Rumford Medal

This medal is awarded for important discoveries in the field of thermal or optical properties of matter and their applications.

Benjamin Thompson Benjamin Thompson FRS

The Rumford Medal is awarded biennially (in even years) for "an outstandingly important recent discovery in the field of thermal or optical properties of matter and their applications, made by a scientist working in Europe , noting that Rumford was concerned to see recognised discoveries that tended to promote the good of mankind".

The award was established following a donation by Benjamin Thompson FRS (PDF), known as Count Rumford. The first award was made in 1800.

If possible the Committee will award the medal to an early-to-mid career stage scientist. The award must be made to a scientist working in Europe.

The recipient is chosen by the Council of the Royal Society on the recommendation of the Physical Sciences Awards Committees. Nominations are valid for five years after which the candidate cannot be re-nominated until a year after the nomination has expired. The medal is of silver gilt and is accompanied by a gift of £1,000.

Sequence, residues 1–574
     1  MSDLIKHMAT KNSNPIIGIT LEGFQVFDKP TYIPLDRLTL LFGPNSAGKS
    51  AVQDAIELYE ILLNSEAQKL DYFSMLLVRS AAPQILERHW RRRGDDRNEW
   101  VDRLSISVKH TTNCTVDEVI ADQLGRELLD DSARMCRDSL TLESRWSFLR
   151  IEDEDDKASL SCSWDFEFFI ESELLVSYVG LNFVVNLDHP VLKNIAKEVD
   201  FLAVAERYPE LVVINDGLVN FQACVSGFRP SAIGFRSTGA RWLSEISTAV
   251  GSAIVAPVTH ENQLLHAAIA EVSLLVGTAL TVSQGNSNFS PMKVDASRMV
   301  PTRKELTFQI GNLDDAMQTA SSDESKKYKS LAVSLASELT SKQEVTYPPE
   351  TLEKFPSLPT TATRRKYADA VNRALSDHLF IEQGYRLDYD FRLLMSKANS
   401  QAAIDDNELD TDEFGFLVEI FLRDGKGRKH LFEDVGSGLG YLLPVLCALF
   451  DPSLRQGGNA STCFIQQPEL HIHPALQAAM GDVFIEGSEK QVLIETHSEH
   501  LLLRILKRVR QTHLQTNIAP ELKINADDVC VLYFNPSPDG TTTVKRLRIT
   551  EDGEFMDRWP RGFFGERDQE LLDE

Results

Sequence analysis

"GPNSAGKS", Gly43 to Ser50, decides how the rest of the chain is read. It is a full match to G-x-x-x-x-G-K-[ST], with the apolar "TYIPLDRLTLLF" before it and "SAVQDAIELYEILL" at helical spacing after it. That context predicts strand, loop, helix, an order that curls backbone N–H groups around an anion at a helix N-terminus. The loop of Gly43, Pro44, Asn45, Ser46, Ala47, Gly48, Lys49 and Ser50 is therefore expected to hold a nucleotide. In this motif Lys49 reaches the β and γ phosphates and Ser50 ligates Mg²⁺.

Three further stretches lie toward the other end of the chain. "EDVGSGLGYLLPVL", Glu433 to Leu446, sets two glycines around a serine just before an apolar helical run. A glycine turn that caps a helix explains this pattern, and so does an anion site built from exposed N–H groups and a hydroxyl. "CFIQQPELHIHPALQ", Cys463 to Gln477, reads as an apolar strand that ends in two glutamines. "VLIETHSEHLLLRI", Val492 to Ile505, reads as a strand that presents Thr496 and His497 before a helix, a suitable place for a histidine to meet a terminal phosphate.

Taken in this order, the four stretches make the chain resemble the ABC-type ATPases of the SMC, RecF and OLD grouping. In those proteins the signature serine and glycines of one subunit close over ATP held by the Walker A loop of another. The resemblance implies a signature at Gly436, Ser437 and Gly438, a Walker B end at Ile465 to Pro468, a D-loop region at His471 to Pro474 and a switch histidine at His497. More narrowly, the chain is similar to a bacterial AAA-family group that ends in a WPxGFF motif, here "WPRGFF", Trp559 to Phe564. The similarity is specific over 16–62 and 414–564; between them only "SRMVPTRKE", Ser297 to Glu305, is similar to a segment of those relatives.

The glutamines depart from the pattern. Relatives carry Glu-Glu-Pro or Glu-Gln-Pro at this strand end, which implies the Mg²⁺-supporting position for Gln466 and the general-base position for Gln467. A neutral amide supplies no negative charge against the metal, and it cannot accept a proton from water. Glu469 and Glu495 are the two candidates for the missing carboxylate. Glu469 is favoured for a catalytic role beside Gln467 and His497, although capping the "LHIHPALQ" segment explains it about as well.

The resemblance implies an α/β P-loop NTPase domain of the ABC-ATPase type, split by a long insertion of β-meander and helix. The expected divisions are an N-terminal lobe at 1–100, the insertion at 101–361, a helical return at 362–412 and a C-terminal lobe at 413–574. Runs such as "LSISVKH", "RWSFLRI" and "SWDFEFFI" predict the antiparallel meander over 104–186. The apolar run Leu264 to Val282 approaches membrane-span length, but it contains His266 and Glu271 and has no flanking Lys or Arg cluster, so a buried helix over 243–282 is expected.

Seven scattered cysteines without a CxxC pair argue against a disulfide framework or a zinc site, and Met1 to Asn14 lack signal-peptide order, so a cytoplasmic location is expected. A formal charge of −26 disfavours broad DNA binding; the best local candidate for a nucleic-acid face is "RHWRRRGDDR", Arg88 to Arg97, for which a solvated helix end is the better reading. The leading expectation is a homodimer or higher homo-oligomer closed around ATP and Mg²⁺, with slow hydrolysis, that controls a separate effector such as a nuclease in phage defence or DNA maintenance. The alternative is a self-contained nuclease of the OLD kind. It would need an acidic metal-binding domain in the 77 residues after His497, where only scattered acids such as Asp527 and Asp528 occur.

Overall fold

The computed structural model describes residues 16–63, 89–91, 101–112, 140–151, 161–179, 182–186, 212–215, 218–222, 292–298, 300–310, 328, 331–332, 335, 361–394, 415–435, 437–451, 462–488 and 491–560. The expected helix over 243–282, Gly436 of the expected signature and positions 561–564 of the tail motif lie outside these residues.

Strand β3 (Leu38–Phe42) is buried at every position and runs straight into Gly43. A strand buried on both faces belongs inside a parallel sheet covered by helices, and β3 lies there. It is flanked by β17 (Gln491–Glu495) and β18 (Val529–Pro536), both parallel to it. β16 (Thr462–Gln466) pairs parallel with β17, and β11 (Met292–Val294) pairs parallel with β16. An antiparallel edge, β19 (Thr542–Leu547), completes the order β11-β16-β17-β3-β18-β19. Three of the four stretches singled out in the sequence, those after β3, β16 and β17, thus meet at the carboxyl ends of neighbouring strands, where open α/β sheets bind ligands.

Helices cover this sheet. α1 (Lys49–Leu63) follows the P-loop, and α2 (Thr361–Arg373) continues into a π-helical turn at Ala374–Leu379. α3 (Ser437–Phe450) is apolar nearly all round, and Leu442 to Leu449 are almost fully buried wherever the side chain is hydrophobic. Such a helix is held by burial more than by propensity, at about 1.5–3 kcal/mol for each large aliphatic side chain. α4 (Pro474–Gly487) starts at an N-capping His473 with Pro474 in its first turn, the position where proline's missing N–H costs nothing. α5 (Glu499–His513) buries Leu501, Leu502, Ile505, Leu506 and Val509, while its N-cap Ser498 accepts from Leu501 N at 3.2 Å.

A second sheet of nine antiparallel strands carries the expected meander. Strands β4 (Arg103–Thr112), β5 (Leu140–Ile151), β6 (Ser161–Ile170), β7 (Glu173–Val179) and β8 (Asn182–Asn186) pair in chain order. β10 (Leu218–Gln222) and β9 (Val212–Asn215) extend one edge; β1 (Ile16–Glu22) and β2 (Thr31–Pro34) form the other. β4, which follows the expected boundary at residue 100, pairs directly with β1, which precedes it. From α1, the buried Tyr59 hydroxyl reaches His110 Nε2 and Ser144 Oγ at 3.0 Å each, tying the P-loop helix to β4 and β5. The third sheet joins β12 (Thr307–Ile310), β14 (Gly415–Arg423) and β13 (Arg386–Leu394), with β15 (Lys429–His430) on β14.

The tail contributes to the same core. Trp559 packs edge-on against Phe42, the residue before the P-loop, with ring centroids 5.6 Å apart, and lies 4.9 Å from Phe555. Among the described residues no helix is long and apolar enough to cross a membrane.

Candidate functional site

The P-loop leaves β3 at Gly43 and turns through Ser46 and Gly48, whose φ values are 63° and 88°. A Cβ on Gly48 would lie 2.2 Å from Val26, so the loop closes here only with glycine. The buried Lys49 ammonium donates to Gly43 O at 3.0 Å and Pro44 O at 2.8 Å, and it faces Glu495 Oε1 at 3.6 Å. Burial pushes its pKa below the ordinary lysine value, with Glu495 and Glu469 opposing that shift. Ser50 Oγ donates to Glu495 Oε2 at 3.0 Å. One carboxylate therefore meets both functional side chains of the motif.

The next call for nominations for this award will open in 2015.

Professor Roy Taylor

Most recent medallist

Professor Roy Taylor was awarded the Rumford Medal in 2012 for his outstanding contributions to tunable ultrafast lasers and nonlinear fibre optics, including fibre Raman, soliton and supercontinuum laser sources, which translated fundamental discoveries to practical technology.


Buchanan Medal: For distinguished contributions to the medical sciences.

Darwin Medal: For work of acknowledged distinction in evolution, population biology, organismal biology and biological diversity.

Davy Medal: For important discoveries in chemistry.

Gabor Medal: For interdisciplinary work between the life sciences with other disciplines.

Hughes Medal: For original discoveries relating to the generation, storage and use of energy.

Kavli Education Medal: For impact in the field of science and mathematics education.

Leverhulme Medal: For significant contributions to chemistry or engineering.

Royal Society King Charles II Medal: For foreign Heads of State or Government who have made an outstanding contribution to furthering scientific research in their country.

Rumford Medal: For important discoveries in the field of thermal or optical properties of matter.

Sylvester Medal: For mathematical research.

See all medals, awards and prize lectures.

Contact us

If you have a question about this scheme, please first read the scheme notes which contain more information. If the answer is still not available, you can contact the grants team here.

Photos of the Rumford Medal

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